Trip Cancellations and Refund Rights

must know

  • Almost one in two Australians have had to cancel travel plans since the start of the pandemic
  • In 2021, we reported that less than one in five grounded travelers we surveyed received a full refund
  • In our submission to the NSW Government, we are calling for mandatory information standards that let travelers know the terms of the deal when they book

It’s been a tough two years for would-be travellers, many of whom have found that companies seem to make their own rules when travel plans are cancelled.

Since March 2020, almost half (47%) of Australians have had to cancel their travel plans due to COVID-19 risks, border closures or lockdowns.

Since March 2020, almost half (47%) of Australians have had to cancel their travel plans due to COVID-19 risks, border closures or lockdowns

In July last year, we reported that less than one in five of the 4,060 respondents had received a full refund after their trips were scuttled in 2020 due to the pandemic.

Since then, we have heard from many others who have also found themselves empty-handed and unsure of their rights.

Terms and conditions keep customers guessing

The terms and conditions that allowed travel suppliers to keep people’s money were often selfish and convoluted, leaving customers both confused and out of pocket.

Instead of refunds, many received travel credits with their own restrictions, including expiration dates set too early.

As a follow-up to our investigations, we have made a number of recommendations to governments to improve the customer experience in the travel industry.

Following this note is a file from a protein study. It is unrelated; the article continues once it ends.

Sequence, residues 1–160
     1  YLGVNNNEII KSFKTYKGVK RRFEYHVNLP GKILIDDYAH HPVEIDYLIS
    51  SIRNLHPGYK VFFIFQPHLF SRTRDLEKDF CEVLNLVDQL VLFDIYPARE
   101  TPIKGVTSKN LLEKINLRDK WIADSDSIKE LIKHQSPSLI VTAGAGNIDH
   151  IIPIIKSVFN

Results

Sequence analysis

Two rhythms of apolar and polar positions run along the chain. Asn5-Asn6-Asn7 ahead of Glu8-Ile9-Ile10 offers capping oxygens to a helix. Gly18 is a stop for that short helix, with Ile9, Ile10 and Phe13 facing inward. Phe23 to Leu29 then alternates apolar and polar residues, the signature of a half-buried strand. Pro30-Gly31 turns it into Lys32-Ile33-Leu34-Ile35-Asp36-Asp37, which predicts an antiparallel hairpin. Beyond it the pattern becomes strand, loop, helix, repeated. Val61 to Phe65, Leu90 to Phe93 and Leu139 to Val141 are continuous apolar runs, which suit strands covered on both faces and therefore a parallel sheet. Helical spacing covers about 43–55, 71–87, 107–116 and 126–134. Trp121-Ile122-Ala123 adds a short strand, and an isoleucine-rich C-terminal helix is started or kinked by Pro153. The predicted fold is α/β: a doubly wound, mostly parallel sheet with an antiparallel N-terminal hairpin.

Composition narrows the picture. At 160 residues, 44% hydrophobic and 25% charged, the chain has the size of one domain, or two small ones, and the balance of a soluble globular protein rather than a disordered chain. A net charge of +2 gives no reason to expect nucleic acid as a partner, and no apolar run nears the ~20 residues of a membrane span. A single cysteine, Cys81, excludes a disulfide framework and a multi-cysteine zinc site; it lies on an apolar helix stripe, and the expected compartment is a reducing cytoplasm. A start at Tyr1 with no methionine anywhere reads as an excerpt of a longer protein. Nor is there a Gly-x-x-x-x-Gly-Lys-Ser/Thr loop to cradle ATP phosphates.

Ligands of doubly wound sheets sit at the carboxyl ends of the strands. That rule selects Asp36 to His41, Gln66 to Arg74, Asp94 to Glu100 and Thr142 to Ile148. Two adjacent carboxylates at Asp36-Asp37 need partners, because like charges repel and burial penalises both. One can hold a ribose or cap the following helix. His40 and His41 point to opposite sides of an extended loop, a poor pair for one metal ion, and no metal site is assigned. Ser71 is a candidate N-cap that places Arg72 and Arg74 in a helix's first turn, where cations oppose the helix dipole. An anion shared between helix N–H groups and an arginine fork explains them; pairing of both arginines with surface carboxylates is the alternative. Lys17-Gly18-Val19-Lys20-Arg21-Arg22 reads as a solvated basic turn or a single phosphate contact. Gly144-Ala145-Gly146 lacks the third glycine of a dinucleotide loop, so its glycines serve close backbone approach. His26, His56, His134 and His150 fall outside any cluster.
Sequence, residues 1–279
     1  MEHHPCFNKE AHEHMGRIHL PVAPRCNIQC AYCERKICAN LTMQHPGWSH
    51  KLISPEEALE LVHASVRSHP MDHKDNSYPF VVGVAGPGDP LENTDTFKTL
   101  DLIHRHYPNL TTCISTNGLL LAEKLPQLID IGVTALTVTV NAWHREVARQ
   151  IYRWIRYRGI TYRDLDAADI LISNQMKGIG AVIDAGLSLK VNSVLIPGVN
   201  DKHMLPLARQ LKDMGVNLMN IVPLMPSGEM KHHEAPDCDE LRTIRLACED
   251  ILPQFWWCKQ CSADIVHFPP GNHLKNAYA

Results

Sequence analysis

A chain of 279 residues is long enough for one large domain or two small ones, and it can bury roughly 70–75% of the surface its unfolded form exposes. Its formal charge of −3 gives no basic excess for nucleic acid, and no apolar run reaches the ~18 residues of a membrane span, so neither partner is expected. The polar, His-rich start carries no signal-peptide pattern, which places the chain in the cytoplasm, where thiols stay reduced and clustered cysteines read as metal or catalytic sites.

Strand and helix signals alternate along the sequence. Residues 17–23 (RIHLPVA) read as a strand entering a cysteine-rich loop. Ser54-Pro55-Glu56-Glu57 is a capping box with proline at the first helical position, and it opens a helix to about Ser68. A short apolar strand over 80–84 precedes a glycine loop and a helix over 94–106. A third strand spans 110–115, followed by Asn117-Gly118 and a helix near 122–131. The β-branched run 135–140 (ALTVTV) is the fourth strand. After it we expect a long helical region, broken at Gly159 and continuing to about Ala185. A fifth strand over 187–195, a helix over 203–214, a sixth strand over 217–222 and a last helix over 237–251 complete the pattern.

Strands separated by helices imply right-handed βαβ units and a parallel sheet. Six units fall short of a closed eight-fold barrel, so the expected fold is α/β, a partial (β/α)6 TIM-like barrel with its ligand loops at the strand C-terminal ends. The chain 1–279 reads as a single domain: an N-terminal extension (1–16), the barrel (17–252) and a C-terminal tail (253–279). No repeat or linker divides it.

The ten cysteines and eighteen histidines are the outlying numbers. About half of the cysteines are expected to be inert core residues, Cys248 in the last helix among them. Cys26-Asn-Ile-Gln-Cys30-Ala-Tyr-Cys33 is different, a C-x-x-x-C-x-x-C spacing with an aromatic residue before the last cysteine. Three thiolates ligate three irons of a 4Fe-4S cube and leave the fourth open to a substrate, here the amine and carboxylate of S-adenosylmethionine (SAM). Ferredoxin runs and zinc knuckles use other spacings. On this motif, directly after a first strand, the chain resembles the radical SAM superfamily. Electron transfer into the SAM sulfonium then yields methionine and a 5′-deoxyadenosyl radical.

One of these, a mandatory disclosure standard, is currently under consideration in New South Wales.

Clear disclosure

In a recent survey submission, we argue that travel customers should know the terms of the deal when they book and not be caught off guard by tricky terms.

“The NSW Government has come up with an Australian first information standard to make travel bookings clearer and fairer for consumers,” said CHOICE Campaigns Director Erin Turner. “We hope NSW is the first of many states to introduce this much needed reform.”

What CHOICE asks for

The mandatory disclosure standard that we are calling for requires a number of improvements. One of them is that all travel suppliers (including cruise ship operators, car rental companies, tour operators and online booking platforms of all kinds) must provide the following information at the time of the reservation:

  • Clear disclosure of the amount of money that will be returned to customers in the event of cancellation, and a detailed list of any money that will be retained by the travel supplier
  • A clear explanation of how customers can request refunds and other remedies, how long it will take, and how they can file a complaint if they are unsatisfied
  • Clear disclosure by travel intermediaries such as travel agencies and online booking sites of the remedies available to customers in the event of trip cancellation and the charges they may withhold
  • A standard disclosure form used by all travel suppliers that uses simple and consistent language.

Raising the standards

We are also calling for reforms that will make it easier to get refunds, make travel credits and vouchers fairer, and raise standards of customer service in the travel and tourism industry.

“By requiring travel suppliers to disclose key terms at the time of booking, Australians will be more confident in booking travel in uncertain times,” says Turner. “We need to know what will happen if a booking needs to be canceled and what charges will apply.

Too many people have lost money to poor practices and unclear terms in the past two years

Erin Turner, Director of CHOICE Campaigns

“Too many people have lost money to poor practice and unclear terms over the past two years – this NSW Travel Information Standard is a great start to tackling that problem.”

We will soon report on the experiences of customers who have received travel credits or vouchers.

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